India’s deteriorating public discourse
It is becoming increasingly difficult to have thoughtful deliberations about many difficult issues that the country is facing, such as demonetisation’s after-effects, the difficulty of doing business, the applications of Aadhaar, bans on cow slaughter, compulsory singing of the national anthem and so on.
We must step out for a moment from debates about the specific issues and consider why it has become difficult to listen to other points of view and what we must do to repair the platforms for deliberation. The progress of the country depends on this. Better dialogues will improve the quality of public policies. They will also strengthen democracy.
There is an old saying, “There are always three sides to every story: your side, the other side, and the truth”. Issues vexing the country, such as those mentioned above, are complex and have many angles to them. Sadly, if someone is presumed to be on the other side because she does not unquestioningly support our side’s view, there is no possibility of finding the truth. Loyalty to “our” side has begun to be valued more than the responsibility to question, criticize and find the correct answer when necessary. The belief is that if someone does not endorse our view, she must be on the other side. Whereas, she may not want to take either side. She may be just wondering what the truth really is.
The demand for unquestioning obedience is a sign of insecurity: of a perceived threat to one’s authority; or a threat to one’s beliefs—that indeed they may have been wrong. To admit that may appear to be a weakness whereas it is a sign of an unshakeable inner strength.
The electronic media, which is a prime channel for public communication, is not providing platforms for calm deliberation about issues that have many angles which must be considered. In most debates on prime time TV, everyone is shouting—and in some, the anchor most of all—and no one is listening. Social media is further deepening divisions. The principal thrust of new technology in social media businesses is to come up with better algorithms that can determine what each person likes and give her more of that. If we like some views, social media will give us more of the same. We follow who we like, and shut out those we do not. Thus, we are divided into intellectual and ideologically gated communities, behind walls across which some troll and lob hate bombs, and through which we cannot hear the views of people not like us.
A good doctor must understand how the whole body and all its organs function before prescribing a treatment for any ailment to avoid debilitating side effects. Economies and societies are very complex systems composed of diverse forces. It is essential, before undertaking bold economic and social reforms, to understand the structures of the complex system. What may be good for the long-term may be very painful in the short-term. What may improve one part of the economy may harm another part severely. Medical science has developed enough to provide a very good model of the human body to guide doctors. Moreover, all human beings have the same model of body, and this model evolves very slowly. However, economists and social scientists have not so far developed a robust and reliable model of an economy and a society.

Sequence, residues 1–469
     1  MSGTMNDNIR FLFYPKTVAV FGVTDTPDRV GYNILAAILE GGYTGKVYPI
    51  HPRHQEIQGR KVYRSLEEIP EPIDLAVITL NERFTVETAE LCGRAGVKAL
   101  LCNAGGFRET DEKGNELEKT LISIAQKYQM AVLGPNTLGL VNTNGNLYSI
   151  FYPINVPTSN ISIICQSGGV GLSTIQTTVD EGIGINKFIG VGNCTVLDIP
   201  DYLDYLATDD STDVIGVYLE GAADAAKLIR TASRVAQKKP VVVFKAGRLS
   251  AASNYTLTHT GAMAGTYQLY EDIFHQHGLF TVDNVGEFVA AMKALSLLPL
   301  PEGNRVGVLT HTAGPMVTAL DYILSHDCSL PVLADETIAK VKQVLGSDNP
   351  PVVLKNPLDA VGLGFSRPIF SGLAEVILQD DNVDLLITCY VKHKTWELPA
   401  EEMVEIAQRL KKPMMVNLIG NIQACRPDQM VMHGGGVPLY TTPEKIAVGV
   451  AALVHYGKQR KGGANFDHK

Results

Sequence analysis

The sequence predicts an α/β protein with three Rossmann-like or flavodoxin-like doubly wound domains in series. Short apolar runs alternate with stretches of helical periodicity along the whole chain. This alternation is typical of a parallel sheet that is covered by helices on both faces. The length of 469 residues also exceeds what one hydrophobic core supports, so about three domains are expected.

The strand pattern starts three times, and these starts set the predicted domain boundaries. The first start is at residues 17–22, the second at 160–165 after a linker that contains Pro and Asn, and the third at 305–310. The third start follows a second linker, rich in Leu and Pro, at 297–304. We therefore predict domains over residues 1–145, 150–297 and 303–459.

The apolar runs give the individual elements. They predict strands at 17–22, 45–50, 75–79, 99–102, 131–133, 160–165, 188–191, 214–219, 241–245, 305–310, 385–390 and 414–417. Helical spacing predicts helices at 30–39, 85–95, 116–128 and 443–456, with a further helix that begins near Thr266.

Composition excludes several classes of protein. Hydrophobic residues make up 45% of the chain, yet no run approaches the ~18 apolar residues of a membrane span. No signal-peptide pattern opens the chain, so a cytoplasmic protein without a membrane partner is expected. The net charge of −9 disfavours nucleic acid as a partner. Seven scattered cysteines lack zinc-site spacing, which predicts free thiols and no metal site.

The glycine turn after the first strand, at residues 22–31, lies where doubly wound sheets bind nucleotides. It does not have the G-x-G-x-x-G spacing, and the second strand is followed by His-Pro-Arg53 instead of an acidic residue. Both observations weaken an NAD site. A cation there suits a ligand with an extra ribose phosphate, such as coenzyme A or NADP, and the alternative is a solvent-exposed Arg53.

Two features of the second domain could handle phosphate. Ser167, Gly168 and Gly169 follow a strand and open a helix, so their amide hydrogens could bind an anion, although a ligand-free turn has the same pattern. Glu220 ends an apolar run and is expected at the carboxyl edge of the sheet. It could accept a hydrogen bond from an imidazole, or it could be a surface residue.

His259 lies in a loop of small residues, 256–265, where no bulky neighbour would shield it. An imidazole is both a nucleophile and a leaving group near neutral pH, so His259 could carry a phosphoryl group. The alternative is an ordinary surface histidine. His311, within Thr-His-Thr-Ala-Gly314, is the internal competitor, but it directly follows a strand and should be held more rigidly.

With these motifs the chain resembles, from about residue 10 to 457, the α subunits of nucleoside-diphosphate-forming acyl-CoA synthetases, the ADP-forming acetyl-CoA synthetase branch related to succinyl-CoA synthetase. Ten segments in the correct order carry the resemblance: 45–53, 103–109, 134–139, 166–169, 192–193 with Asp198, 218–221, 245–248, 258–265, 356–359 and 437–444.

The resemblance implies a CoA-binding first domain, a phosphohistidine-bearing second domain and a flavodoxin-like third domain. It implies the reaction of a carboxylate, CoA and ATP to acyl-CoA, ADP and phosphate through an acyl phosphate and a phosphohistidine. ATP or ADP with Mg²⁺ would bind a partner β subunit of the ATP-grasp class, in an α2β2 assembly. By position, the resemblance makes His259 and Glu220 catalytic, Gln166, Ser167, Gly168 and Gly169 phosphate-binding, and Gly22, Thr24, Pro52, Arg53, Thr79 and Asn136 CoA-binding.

Moreover, the shapes of the economies and the societies of nations vary greatly, and they evolve and change. Therefore, there is no standard model to guide the reform doctor. A systems model must be created by listening to diverse perspectives. The views of many “blind men” around the elephant, each blinkered to see only a portion of reality, who may not agree with each other, must be combined so that the whole elephant can be seen. Otherwise, policy fixes can backfire.
Mark Moore writes in his book, Creating Public Value: Strategic Management In Government (in the concluding chapter, titled “Acting For A Divided, Uncertain Society”) that the art of sound public policy management is the art of reconciling conflicting views. Not shutting out contrarian views, but listening to them, and reconciling them. He says that public leaders “must hold at arm’s length the comfort of close allies because they are duty-bound to hear and respond to the views of others who disagree with their supporters”. It is not easy to go outside one’s comfort zone. And the formats of public discourse are making it even more difficult.
Yet, leaders and policy-makers must venture outside the walls and seek many views. What they hear may challenge their beliefs. And people will not agree with each other. However, whether a country is a democracy or not, it is essential for a reformer to understand the system from many perspectives, to develop policies that will create the most good with least cost.
In a democracy, in addition, people must be heard because it is their right to be heard. India’s national anthem, Jana Gana Mana, is a paean to India’s diversity. Rabindranath Tagore, who wrote it, also wrote Gitanjali, for which he got the Nobel Prize. In Gitanjali, he sings of a country in which “the mind is without fear and where the head is held high”. Which will be a country, he says, “that has not been broken into fragments by narrow domestic walls.”
Dividing a diverse country into fragments by religions, castes, and ideologies to acquire electoral power, and to simultaneously expect to unite people willingly under one national flag, is a bad idea. India’s leaders, whatever their own ideology, must be willing to listen to, and to respect many points of view, to shape better policies, and to strengthen the fabric of India’s democracy.
Arun Maira served in the erstwhile Planning Commission.
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